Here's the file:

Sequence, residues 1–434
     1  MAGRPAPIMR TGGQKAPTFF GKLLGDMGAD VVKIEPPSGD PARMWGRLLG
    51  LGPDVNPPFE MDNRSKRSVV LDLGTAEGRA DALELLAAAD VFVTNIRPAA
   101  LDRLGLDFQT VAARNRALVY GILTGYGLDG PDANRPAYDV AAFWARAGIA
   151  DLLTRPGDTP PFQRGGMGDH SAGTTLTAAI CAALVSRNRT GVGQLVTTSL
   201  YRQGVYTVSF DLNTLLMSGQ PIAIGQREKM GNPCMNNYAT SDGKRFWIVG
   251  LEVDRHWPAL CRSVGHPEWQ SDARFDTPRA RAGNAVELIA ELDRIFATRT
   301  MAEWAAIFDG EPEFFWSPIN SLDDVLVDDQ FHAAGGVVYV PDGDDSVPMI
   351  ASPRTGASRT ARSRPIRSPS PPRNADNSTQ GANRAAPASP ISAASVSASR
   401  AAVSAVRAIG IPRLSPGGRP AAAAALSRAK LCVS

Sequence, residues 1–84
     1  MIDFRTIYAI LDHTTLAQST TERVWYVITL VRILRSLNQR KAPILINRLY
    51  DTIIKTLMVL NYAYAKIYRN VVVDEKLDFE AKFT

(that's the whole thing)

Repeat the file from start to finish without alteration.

Sequence, residues 1–434
     1  MAGRPAPIMR TGGQKAPTFF GKLLGDMGAD VVKIEPPSGD PARMWGRLLG
    51  LGPDVNPPFE MDNRSKRSVV LDLGTAEGRA DALELLAAAD VFVTNIRPAA
   101  LDRLGLDFQT VAARNRALVY GILTGYGLDG PDANRPAYDV AAFWARAGIA
   151  DLLTRPGDTP PFQRGGMGDH SAGTTLTAAI CAALVSRNRT GVGQLVTTSL
   201  YRQGVYTVSF DLNTLLMSGQ PIAIGQREKM GNPCMNNYAT SDGKRFWIVG
   251  LEVDRHWPAL CRSVGHPEWQ SDARFDTPRA RAGNAVELIA ELDRIFATRT
   301  MAEWAAIFDG EPEFFWSPIN SLDDVLVDDQ FHAAGGVVYV PDGDDSVPMI
   351  ASPRTGASRT ARSRPIRSPS PPRNADNSTQ GANRAAPASP ISAASVSASR
   401  AAVSAVRAIG IPRLSPGGRP AAAAALSRAK LCVS

Sequence, residues 1–84
     1  MIDFRTIYAI LDHTTLAQST TERVWYVITL VRILRSLNQR KAPILINRLY
    51  DTIIKTLMVL NYAYAKIYRN VVVDEKLDFE AKFT